Updated at 5:35 p.m.
It's rare for a furlough announcement to be considered good news, but that was the case yesterday for the federal public defender office in Washington.
The Executive Committee of the Judicial Conference, the body of judges that decides how the federal judiciary spends its money, announced it had reached a plan for the defender services budget under federally mandated cuts known as sequestration. The details are still being hammered out, but federal public defender offices would face no more than three weeks of furloughs—a significant amount of time, but less than originally projected for many offices.
The D.C. federal public defender's office faced 27 furlough days under sequestration. Federal Public Defender A.J. Kramer said today that the announcement was "welcome news." Still, he said that until the final details are worked out and they know exactly how many furlough days attorneys and staff will have to take, "you don't count on anything until it's done."
"It creates more uncertainty," Kramer said. But he added that "in this respect, it’s better uncertainty than if we were told it was more days."
Local federal public defenders have started taking furlough days, which Kramer said had already led to delays in cases. "It just makes it extremely difficult," he said.
The defender services budget also funds payments to private lawyers appointed by the court to represent indigent criminal defendants under the Criminal Justice Act. The sequestration plan would suspend those payments for three weeks at the end of the fiscal year in September. There are about 100 lawyers in Washington who serve on the CJA panel for the local U.S. district court.
The federal judiciary spends an estimated $1.8 million per day on payments to private lawyers across the country, according to the Administrative Office of the U.S. Courts. Three weeks of suspended payments would save approximately $27 million.
Under sequestration, the defender services budget faced a $51 million shortfall. Taking into account money saved by deferring payments to private lawyers, most, if not all, of the remaining $24 million would come from funding for public defender offices.
The defender services budget is personnel-heavy. According to administrative office data, about 57 percent pays for public defender offices and 42 percent goes to payments for private lawyers. About one percent of the budget covers program administration. The defender services budget under sequestration is around $988 million.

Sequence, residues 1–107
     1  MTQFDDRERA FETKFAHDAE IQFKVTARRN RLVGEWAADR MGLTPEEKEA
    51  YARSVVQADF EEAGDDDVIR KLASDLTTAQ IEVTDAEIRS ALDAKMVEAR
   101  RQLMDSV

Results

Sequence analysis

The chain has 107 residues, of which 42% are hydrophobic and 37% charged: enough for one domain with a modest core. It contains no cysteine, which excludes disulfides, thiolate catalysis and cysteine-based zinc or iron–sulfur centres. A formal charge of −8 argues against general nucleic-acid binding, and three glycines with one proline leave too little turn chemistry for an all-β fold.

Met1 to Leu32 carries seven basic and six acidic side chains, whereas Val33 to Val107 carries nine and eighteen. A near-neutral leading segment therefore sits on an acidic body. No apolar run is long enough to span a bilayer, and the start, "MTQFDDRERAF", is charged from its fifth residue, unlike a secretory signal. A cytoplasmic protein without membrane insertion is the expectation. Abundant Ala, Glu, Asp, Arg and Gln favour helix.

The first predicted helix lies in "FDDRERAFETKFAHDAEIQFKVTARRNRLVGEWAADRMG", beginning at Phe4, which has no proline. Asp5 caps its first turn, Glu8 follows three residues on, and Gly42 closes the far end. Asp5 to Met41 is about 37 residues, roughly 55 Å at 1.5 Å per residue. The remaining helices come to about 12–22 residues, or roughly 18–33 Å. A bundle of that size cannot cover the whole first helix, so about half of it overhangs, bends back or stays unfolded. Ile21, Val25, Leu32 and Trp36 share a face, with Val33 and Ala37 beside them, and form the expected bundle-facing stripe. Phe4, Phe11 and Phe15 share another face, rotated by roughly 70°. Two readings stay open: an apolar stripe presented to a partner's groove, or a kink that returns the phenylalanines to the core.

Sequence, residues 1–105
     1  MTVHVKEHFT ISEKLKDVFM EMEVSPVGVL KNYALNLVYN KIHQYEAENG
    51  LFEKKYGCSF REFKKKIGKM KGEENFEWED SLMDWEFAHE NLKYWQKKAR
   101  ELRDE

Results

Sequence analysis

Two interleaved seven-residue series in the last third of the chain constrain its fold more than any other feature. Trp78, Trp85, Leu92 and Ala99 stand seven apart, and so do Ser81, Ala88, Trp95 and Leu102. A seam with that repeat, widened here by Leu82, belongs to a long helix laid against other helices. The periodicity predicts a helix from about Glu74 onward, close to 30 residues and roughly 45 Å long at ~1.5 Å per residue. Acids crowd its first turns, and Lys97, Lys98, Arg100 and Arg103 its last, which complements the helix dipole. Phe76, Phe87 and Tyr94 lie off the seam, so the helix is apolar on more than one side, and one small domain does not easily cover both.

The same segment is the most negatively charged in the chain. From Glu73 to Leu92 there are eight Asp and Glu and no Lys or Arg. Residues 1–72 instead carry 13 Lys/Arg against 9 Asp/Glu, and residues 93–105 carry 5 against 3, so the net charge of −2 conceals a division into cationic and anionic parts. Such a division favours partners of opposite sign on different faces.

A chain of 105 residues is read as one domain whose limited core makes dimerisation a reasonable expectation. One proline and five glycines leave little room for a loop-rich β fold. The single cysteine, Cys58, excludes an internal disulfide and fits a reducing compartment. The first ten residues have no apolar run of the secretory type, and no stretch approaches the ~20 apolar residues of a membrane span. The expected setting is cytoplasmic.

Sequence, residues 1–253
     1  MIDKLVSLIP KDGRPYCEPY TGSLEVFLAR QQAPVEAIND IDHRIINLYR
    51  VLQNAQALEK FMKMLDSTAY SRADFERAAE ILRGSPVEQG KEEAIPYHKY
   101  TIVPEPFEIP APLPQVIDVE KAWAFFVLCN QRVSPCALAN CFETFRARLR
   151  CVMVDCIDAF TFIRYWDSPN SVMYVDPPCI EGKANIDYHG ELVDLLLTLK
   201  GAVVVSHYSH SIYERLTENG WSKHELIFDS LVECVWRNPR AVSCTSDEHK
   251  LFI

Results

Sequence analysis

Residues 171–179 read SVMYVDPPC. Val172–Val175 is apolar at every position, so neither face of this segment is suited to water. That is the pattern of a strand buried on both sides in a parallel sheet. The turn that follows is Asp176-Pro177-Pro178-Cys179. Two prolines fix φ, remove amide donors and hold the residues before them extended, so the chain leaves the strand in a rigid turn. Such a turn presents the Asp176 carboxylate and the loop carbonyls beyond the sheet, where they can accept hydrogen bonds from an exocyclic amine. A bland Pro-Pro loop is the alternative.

The deferred payments to private lawyers will be paid once the 2014 fiscal year begins October 1. In yesterday's announcement, Chief Judge William Traxler, Jr. of the U.S. Court of Appeals for the Fourth Circuit said the judiciary planned to ask Congress for "emergency supplemental funding."
Payment suspensions to private lawyers meant "that millions of dollars in expenses in this account will be shifted to FY 2014, even though they were not part of the Judicial Branch budget submission to Congress," said Traxler, chairman of the Executive Committee of the Judicial Conference of the United States. "This level of funding is unsustainable without relief from Congress."
Jeffrey "Chip" Frensley, the chief CJA panel representative to the U.S. courts and a Nashville, Tenn.-based lawyer, said the three-week suspension was "not insignificant," but that the executive committee "reached the best balance that was out there."
"It's very positive to see the support that the executive committee has for the defender services program and as a panel lawyer we're very glad to see that they've not taken any action or recommended any cuts to the panel attorneys," he said. Still, he added that he was concerned the deferred payments "may cause some panel lawyers to rethink being involved in accepting appointed cases in federal court."